“The scariest moments of this war were when mortars were flying above our heads, whistling,” a woman living in Kyiv’s district of Donetsk city in Ukraine, described to the UN Human Rights Office.
“The shooting is starting and we have to hide my sick mother in the basement. We are dragging her, she is screaming and urinates on herself,” she added.
Another woman living in the same area described how her neighbourhood was constantly being shelled. On 2 October 2014, her husband was wounded and paralyzed by a bomb near their home. It’s been more than a year and a half, and her family continues to suffer the daily effects of his injury.
These tragic accounts are among the several testimonies gathered by the UN Human Rights Office for its thirteenth report on the human rights situation in Ukraine.
Even though the ceasefire in eastern Ukraine has held for several months, there are mounting skirmishes between Ukrainian armed forces and the armed groups of the self-proclaimed ‘Donetsk people’s republic’ and ‘Luhansk people’s republic’.
“There is a terrible sensation of physical, political, social and economic isolation and abandonment among the huge number of people – more than three million in all – who are struggling to eke out a living in the conflict line,” said UN High Commissioner for Human Rights Zeid Ra’ad Al Hussein. “They are in urgent need of greater protection and support.”
People living along the contact line in residential neighbourhoods are trapped as the fields around their buildings and along the roads are mined. They feel abandoned as many basic public services are not available anymore.
An estimated daily 8,000 to 15,000 people have to pass through a limited number of checkpoints along the contact line, resulting in long lines of vehicles. In February 2016, a minibus hit a mine on the side of the road near a checkpoint killing a passenger and two bystanders.
People are often forced to spend the night in freezing temperatures. During a cold winter day, an elderly man and woman died while waiting in line at the checkpoints because they were unable to receive medical attention in time.
A women travelling from Mariupol to Donetsk said that they were stuck for several hours, without having access to toilets, water or food.
“It is also not possible to leave the paved road even if you really need to, because everything around you is mined,” she said.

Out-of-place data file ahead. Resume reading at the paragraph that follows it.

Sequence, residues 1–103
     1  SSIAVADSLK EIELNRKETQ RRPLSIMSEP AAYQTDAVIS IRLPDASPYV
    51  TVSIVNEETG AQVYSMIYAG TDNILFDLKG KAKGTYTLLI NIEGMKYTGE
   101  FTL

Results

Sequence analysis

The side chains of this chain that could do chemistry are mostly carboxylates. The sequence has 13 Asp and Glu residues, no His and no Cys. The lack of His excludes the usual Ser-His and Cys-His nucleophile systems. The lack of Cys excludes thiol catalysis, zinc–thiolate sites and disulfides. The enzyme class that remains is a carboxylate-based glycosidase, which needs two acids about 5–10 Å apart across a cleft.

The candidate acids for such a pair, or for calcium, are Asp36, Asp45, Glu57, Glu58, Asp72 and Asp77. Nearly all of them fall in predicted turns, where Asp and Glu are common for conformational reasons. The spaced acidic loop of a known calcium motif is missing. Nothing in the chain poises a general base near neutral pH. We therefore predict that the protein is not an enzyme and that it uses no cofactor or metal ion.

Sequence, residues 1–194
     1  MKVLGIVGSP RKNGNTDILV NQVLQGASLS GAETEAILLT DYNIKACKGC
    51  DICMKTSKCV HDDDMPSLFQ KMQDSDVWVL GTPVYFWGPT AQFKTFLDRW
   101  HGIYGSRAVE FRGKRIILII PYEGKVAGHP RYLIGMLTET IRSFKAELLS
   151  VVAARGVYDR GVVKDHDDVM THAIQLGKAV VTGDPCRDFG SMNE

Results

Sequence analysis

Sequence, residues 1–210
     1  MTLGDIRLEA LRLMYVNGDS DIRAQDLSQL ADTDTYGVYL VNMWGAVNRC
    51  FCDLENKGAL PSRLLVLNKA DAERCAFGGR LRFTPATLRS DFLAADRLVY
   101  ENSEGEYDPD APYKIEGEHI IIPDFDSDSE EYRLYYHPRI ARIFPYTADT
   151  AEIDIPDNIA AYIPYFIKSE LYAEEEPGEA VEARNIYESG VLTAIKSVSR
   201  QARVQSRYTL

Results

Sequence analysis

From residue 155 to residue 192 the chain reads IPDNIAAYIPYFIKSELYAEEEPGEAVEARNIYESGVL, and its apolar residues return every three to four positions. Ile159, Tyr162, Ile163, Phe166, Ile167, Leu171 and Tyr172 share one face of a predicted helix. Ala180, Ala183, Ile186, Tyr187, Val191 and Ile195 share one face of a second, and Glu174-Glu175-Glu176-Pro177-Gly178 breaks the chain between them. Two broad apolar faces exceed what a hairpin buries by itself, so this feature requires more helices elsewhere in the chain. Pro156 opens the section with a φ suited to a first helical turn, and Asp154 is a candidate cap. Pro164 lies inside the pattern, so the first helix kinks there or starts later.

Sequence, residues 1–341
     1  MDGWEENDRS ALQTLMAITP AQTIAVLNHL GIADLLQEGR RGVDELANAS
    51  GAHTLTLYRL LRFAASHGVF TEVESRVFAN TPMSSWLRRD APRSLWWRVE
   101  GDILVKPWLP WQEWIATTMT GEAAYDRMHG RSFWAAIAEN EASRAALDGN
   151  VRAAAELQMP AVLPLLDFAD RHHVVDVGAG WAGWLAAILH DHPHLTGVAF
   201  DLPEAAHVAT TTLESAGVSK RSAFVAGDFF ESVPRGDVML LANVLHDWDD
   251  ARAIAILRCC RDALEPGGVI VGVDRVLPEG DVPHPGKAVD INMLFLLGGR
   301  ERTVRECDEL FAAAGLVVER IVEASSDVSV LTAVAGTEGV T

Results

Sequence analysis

While the Office reports that Ukraine has taken a number of positive steps to advance the protection and promotion of human rights through policy and legal acts, there is still evidence to support violations and abuses of human rights under international law committed by some government services, by all parties involved in the hostilities in Donetsk and Luhansk regions, as well as by the de facto authorities of Crimea and by the Russian Federation.
Some of these acts include allegations of enforced disappearances; missing persons; arbitrary and incommunicado detention; and ill torture and ill treatment perpetrated by Ukrainian law enforcement officials.
Armed groups have committed killings, abductions, illegal and incommunicado deprivation of liberty, torture and ill-treatment. People living in areas controlled by the armed groups are without rule of law or any effective remedy. They are also limited in their exercise of their rights to freedoms of expression, religion, peaceful assembly and association.
Gender-based violence has also been documented by the Office. Female relatives of men suspected of membership or affiliation with the armed groups have been picked up, detained and tortured. In December 2015, in Shchurove village, Donetsk region, officers arrested a 74-year-old woman at her house while they were searching for her son. She was detained, charged with terrorism, and beaten. In May 2015, three women were detained, severely tortured and threatened with sexual violence.
The Office also reported serious human right violations in Crimea, including human rights concerns linked with Russian citizenship and the application of Russia legislation, including its criminal procedure code, with resulting discrimination towards ethnic Ukrainians and minority groups such as Crimean Tatars. This is the case especially with respect to the right to work, property rights as well as in access to health services and social protection.
The report includes several recommendations to guarantee civilian protection and human rights for all civilians and to ensure accountability for these human rights violations. The recommendations are intended for the government of Ukraine, to all parties involved in hostilities in Donetsk and Luhansk regions, as well as to the de facto authorities of Crimea and to the Russian Federation.
3 March 2016